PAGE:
Pfizer rebrands to mark a “new era” of science and research

Fresh from releasing a Covid vaccine, Pfizer has revealed a new logo and identity to signal a shift from “commerce to science”.

American pharmaceutical company Pfizer has rebranded with a logo inspired by DNA’s double helix structure.

As well as a new logo, the rebrand comprises an identity overhaul complete with new typeface and dual-tone colour palette. The identity work has been carried out by New York, US-based studio Team. Brand consultancy Landor & Fitch helped to develop the rebrand strategy, Pfizer tells Design Week.

pfizer rebrand logo
Courtesy of Pfizer

Pfizer was established by Charles Pfizer and his cousin Charles Erhart (both of German descent) in New York in 1849. Originally set up as a chemicals company in the Williamsburg district of Brooklyn, it developed over the next century by supplying penicillin during World War II.

Most recently, Pfizer partnered with German biotech company BioNTech to develop a Covid vaccine. It announced in November 2020 that the vaccine had a nearly 95% efficacy rate. The Pfizer vaccine began rolling out across the UK in December.

Marking a “new era”

The rebrand has been prompted by a “new era” for the company, according to Pfizer CEO Albert Bourla. “Pfizer is no longer in the business of just treating diseases – we’re curing and preventing them,” he adds.

The new focus on its science and research capabilities inspires the most prominent part of Pfizer’s rebrand: its DNA-themed logo.

pfizer rebrand
Courtesy of Pfizer

The Pfizer wordmark now sits alongside a pair of blue-toned interlocking forms which represent the double helix. This aims to represent the “shift from commerce to science”, Pfizer says. “We’ve unlocked the pill form to reveal the core of what we do: a double helix, spiralling upward.”

The addition of the helix form is one of the most prominent logo changes in the company’s 171-year history. “Pfizer has become much more than a pharmaceutical company,” it adds.

“World-shaping science”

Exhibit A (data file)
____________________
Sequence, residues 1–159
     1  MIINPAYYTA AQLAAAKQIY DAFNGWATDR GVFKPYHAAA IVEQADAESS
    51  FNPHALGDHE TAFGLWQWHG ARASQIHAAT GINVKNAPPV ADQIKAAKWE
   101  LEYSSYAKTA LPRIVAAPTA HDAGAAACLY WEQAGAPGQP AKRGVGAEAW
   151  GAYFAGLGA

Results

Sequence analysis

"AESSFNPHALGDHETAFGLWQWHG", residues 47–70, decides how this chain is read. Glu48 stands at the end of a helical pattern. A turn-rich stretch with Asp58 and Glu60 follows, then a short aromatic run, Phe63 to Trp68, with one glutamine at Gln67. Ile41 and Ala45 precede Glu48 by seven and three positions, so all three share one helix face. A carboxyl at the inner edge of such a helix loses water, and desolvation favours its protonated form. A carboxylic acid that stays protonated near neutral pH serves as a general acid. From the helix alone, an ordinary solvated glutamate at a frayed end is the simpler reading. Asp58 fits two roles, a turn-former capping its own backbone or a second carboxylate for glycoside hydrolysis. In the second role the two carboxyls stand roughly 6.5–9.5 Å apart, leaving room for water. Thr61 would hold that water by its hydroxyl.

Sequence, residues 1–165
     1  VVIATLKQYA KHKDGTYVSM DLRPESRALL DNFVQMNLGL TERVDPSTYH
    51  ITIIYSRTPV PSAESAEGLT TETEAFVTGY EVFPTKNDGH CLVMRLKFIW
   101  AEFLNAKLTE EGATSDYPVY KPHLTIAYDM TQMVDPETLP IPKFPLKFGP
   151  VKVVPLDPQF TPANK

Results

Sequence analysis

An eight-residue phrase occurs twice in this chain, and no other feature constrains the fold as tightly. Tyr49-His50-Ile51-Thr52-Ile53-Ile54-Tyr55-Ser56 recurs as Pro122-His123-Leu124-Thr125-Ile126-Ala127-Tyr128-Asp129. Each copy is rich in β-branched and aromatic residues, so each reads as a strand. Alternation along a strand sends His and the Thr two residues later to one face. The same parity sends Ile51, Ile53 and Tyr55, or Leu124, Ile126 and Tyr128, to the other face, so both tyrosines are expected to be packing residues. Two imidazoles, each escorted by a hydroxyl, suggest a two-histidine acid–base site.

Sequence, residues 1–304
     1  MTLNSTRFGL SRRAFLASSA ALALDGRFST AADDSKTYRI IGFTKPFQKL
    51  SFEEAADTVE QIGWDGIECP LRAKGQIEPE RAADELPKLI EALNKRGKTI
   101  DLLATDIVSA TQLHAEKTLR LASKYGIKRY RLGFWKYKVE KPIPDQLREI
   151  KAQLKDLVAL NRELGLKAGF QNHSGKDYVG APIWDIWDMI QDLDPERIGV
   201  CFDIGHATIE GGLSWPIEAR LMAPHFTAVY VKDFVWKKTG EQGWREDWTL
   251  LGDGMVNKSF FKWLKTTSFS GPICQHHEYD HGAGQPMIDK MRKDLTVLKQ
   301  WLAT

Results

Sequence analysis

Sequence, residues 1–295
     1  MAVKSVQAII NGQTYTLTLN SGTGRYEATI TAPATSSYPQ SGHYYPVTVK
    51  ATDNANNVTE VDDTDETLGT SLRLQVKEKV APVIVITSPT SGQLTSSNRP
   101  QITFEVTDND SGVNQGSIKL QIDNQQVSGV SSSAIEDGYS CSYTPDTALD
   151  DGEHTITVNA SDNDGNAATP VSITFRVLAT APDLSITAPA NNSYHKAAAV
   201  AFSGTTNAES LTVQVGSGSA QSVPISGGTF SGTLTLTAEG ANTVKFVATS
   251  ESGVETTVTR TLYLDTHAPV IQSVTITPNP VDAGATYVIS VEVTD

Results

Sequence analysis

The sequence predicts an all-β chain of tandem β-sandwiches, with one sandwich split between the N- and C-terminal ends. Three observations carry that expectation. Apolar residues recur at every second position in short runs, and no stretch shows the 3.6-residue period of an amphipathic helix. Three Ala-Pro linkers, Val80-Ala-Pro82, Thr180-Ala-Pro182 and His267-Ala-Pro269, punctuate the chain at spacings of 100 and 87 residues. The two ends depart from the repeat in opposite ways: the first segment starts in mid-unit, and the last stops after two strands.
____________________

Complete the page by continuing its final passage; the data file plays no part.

pfizer rebrand
Courtesy of Pfizer

Elsewhere, “bold imagery” aims to show how the company is prompting “world-shaping science”, Pfizer says. These comprise abstract three-dimensional shapes, again inspired by the double helix structure.

There’s also an emphasis on human-focused photography depicting “real people getting the help they need”.

Courtesy of Pfizer

Pfizer has retained the blue colour palette though says that it’s been “evolved” to a “vibrant, two-tone palette”. The primary shades are 286 C and Process Cyan, though there’s also a wider palette available for branding.

“In an industry awash in blue, we’re doubling down,” Pfizer says. “A choice that champions our history as a leader for the pioneers who have followed.”

According to design studio Team, the two-tone palette shows “Pfizer’s commitment to both science and patients”.

Typeface and design applications

pfizer rebrand

Noto Sans is the updated typeface, picked for its “clean, open” characteristics. Pfizer says the  pared-back typeface is “philosophically and aesthetically aligned” with its updated vision. The typeface was developed by Google as a way “to internationalize the internet”, according to the pharmaceutical company.

The new identity has rolled out across a variety of applications. The imagery can be seen on a range of communication material such as online campaigns as well as on professional documents like HR guides.

Courtesy of Pfizer

The logo’s new helix feature is also widely in use throughout material, including on a lab coat.

What do you think of Pfizer’s rebrand? Let us know in the comments below. 

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  • Garech Stone January 7, 2021 at 9:49 am

    That’s an incredible admission from Pfizer that the new rebrand signals a shift from “commerce to science”. Surely, it would be more reassuring if the company behind the fast-tracked experimental Covid vaccine was always driven by health or science rather than profit?

  • Henry January 8, 2021 at 4:01 pm

    Noto is really the new ubiquitous font… I’m bored of seeing it already. New everything else feels fresh though.

  • Helen Kirkby January 12, 2021 at 1:38 pm

    Wouldn’t you just love to know how much this redesign cost? I’m not sure it’s very future proof and if I’m honest, it’s not very exciting. The helix icon feels very clunky and I’m struggling to understand why the two blues represents “commitment to both science and patients”? Oh well, that’s subjectivity at its best I guess.

  • JAMES S MILLS May 11, 2021 at 10:05 pm


  • Steven ford November 28, 2022 at 9:34 pm

    I have studied logos since the 70’s. I was interested in credits. Landon/Fitch was no surprise. It may be my favorite this decade. The word perfect actually came to mind.

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